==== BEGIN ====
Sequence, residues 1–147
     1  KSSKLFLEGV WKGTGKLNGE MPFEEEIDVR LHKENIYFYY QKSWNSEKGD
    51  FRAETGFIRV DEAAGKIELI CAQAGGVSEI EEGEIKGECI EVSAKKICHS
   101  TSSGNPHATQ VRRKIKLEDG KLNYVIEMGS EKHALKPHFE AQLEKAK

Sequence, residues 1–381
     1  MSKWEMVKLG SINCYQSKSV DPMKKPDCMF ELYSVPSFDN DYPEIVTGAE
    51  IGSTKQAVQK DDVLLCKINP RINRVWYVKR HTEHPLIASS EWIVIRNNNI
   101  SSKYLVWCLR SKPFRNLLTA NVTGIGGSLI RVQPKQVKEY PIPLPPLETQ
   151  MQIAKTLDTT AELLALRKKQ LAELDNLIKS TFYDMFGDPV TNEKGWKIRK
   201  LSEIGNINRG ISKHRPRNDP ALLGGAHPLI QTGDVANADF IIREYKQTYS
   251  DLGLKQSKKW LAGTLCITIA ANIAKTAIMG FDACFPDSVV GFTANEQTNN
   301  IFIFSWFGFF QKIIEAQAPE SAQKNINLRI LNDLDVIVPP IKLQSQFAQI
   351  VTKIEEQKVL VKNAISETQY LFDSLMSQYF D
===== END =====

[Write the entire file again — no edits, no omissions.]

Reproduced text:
Sequence, residues 1–147
     1  KSSKLFLEGV WKGTGKLNGE MPFEEEIDVR LHKENIYFYY QKSWNSEKGD
    51  FRAETGFIRV DEAAGKIELI CAQAGGVSEI EEGEIKGECI EVSAKKICHS
   101  TSSGNPHATQ VRRKIKLEDG KLNYVIEMGS EKHALKPHFE AQLEKAK

Sequence, residues 1–381
     1  MSKWEMVKLG SINCYQSKSV DPMKKPDCMF ELYSVPSFDN DYPEIVTGAE
    51  IGSTKQAVQK DDVLLCKINP RINRVWYVKR HTEHPLIASS EWIVIRNNNI
   101  SSKYLVWCLR SKPFRNLLTA NVTGIGGSLI RVQPKQVKEY PIPLPPLETQ
   151  MQIAKTLDTT AELLALRKKQ LAELDNLIKS TFYDMFGDPV TNEKGWKIRK
   201  LSEIGNINRG ISKHRPRNDP ALLGGAHPLI QTGDVANADF IIREYKQTYS
   251  DLGLKQSKKW LAGTLCITIA ANIAKTAIMG FDACFPDSVV GFTANEQTNN
   301  IFIFSWFGFF QKIIEAQAPE SAQKNINLRI LNDLDVIVPP IKLQSQFAQI
   351  VTKIEEQKVL VKNAISETQY LFDSLMSQYF D